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"Sanjaya said, 'After that night had passed away, king Duryodhana then, addressing all thy soldiers, said, "Arm, you mighty car-warriors!" Hearing the command of the king, the warriors began to put on their armour. Some began to yoke their steeds to their cars quickly, others ran hither and thither. The elephants began to be equipped. The foot-soldiers began to arm. Others, numbering thousands, began to spread carpets on the terraces of cars. The noise of musical instruments, O monarch, arose there, for enhancing the martial enthusiasm of the soldiers. Then all the troops, placed in their proper posts, were seen, O Bharata, to stand, clad in mail and resolved to make death their goal. Having made the ruler of the Madras their leader, the great car-warriors of the Kauravas, distributing their troops, stood in divisions. Then all thy warriors, with Kripa and Kritavarma and Drona's son and Shalya and Subala's son and the other kings that were yet alive, met thy son, and arrived at this understanding, that none of them would individually and alone fight with the Pandavas. And they said, "He amongst us that will fight, alone and unsupported, with the Pandavas, or he that will abandon a comrade engaged in fight, will be stained with the five grave sins and all the minor sins." And they said, "All of us, united together, will fight with the foe." Those great car-warriors, having made such an understanding with one another placed the ruler of the Madras at their head and quickly proceeded against their foes. Similarly, all the Pandavas, having arrayed their troops in great battle, proceeded against the Kauravas, O king, for fighting with them on every side. Soon, O chief of the Bharatas, that host, whose noise resembled that of the agitated ocean, and which seemed to be wonderful in consequence of its cars and elephants, presented the aspect of the vast deep swelling with its surges.'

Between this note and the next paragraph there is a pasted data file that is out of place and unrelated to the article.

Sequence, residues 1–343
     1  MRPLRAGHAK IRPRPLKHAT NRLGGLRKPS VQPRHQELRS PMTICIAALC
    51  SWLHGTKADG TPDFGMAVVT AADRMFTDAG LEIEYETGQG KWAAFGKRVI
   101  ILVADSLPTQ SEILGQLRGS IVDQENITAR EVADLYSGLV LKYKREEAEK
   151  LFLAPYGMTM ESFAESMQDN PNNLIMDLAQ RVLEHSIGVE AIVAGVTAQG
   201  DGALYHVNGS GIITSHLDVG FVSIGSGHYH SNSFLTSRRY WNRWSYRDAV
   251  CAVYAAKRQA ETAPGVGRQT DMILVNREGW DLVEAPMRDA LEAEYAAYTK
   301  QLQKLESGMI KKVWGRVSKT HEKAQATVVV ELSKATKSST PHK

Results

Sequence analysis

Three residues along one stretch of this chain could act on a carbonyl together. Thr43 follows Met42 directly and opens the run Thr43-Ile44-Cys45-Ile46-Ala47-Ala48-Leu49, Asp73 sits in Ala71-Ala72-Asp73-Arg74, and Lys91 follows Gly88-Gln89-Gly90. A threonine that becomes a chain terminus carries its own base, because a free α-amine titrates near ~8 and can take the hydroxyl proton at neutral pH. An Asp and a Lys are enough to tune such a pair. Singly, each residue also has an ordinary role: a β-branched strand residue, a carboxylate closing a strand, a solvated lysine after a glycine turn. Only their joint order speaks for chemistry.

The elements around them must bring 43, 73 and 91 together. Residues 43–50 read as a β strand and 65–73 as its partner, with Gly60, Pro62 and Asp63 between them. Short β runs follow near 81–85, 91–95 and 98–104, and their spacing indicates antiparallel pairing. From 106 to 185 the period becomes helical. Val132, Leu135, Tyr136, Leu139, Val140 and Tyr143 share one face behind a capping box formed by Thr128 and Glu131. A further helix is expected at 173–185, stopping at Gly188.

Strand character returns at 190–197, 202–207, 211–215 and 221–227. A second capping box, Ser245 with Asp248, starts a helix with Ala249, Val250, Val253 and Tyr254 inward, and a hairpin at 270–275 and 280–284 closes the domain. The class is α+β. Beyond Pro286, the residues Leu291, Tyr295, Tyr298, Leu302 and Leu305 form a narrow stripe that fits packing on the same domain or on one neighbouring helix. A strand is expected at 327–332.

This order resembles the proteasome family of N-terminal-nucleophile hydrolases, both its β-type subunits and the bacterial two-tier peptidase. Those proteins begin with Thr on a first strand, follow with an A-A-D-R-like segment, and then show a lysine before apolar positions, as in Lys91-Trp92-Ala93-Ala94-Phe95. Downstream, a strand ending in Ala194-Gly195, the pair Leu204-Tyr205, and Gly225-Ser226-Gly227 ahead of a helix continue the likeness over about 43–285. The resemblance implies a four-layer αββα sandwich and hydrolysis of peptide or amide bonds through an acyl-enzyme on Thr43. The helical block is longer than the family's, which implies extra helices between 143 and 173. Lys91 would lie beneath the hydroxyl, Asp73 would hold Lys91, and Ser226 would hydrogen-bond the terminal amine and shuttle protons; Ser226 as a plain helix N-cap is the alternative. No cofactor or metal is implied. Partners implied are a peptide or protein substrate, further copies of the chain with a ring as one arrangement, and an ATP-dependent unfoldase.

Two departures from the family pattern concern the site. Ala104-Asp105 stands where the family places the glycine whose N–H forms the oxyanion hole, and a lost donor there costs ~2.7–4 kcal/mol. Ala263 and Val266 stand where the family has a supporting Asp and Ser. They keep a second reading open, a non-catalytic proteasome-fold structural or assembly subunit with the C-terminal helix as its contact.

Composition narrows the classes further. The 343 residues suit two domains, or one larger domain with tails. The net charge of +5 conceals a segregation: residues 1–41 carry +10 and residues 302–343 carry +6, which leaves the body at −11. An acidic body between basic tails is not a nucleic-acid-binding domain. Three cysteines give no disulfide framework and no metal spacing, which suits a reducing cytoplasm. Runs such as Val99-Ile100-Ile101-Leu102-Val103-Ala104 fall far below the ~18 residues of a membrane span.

"Dhritarashtra said, 'I have heard of the fall of Drona, of Bhishma and of the son of Radha. Tell me now of the fall of Shalya and of my son. How, indeed, O Sanjaya, was Shalya slain by king Yudhishthira the just? And how was my son Duryodhana slain by Bhimasena of great might?'